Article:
A few days ago I was avoiding the blank screen. I remembered the Connelly quote. I looked at the clock and said to myself, “At 11 a.m., I will give fifteen minutes to writing.” That felt doable. It wasn’t a heavy burden.

So at 11:00 I sat down and started typing. I noticed it wasn’t long before I was into the story again. When I next looked at the clock it was 11:25 and I’d typed 654 words.

  1. The One-Inch Frame

This idea comes from Anne Lamott and her book on writing, Bird by Bird. She writes about having an empty one-inch picture frame on her desk.

It reminds me that all I have to do is to write down as much as I can see through a one-inch picture frame. This is all I have to bite off for the time being. All I am going to do right now, for example, is write that one paragraph that sets the story in my hometown, in the late fifties, when the trains were still running. I am going to paint a picture of it, in words, on my word processor. Or all I am going to do is to describe the main character the very first time we meet her, when she first walks out the front door and onto the porch. I am not even going to describe the expression on her face when she first notices the blind dog sitting behind the wheel of her car—just what I can see through the one-inch picture frame, just one paragraph describing the woman, in the town where I grew up, the first time we encounter her.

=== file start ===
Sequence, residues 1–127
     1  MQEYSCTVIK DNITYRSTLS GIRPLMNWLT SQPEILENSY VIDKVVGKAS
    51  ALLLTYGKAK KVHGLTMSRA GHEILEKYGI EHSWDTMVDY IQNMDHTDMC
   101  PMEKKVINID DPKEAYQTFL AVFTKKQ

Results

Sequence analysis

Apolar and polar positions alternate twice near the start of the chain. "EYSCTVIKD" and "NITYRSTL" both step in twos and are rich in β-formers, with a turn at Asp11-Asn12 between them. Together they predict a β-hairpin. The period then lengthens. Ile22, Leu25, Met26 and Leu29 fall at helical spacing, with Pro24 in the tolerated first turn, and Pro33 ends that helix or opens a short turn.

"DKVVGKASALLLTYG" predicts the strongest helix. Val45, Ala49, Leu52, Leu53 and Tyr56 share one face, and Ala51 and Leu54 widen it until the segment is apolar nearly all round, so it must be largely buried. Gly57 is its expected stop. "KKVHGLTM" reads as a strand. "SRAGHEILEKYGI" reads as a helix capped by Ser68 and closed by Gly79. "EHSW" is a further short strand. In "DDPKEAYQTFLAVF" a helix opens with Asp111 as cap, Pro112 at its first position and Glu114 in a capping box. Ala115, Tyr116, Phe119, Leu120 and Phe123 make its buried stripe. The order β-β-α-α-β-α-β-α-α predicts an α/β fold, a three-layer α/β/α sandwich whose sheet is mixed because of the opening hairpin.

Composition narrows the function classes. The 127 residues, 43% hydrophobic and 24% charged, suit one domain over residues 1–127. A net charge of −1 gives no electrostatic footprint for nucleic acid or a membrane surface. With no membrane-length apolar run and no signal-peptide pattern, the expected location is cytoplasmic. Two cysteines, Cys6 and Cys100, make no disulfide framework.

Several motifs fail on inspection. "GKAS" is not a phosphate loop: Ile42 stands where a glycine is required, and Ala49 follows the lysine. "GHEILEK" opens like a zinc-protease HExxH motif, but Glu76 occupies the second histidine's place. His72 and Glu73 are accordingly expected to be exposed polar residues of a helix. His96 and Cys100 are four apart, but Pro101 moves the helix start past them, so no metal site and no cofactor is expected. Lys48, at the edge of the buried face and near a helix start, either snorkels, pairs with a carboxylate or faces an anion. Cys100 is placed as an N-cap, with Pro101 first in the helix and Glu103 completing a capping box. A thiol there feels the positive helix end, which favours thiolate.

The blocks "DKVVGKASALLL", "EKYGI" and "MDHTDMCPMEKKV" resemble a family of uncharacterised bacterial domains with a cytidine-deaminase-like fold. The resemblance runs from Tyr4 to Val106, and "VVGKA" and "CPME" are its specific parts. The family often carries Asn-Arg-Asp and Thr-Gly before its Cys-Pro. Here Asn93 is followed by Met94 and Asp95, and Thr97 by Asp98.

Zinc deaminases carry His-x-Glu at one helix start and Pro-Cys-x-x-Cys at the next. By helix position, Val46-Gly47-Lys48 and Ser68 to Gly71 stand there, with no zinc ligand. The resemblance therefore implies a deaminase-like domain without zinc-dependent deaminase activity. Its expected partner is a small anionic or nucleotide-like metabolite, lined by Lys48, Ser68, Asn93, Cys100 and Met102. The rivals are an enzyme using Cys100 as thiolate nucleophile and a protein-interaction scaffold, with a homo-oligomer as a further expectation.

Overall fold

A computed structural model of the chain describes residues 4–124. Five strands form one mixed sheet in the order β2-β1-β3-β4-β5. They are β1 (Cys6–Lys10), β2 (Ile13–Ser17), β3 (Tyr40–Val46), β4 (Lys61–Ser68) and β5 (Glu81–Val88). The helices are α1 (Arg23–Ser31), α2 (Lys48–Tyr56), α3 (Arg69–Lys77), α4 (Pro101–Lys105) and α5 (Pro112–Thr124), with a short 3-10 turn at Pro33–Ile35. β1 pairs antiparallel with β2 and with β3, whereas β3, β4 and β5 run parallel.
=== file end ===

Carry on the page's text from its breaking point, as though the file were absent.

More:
This has worked for me, too. If I bring my focus down to just one thing, and forget about the big picture that is an entire novel, it feels easier to accomplish. Invariably, after I fill that frame, I want to keep going. So I’ll write to another one-inch frame. After that I’m usually off to the races and the words flow again.

As Yogi Berra once said about baseball, “Ninety percent of the game is half mental.” The same goes for writing, especially if it’s something you want to do long term. That’s why I wrote a whole book on the mental game of writing.

Next time you’re stuck because you just don’t feel like clacking the keyboard, give yourself fifteen minutes or a one-inch frame. You can do that much, and you’ll probably end up doing much more.

So what about you? What tricks do you use to get yourself going when the going gets tough?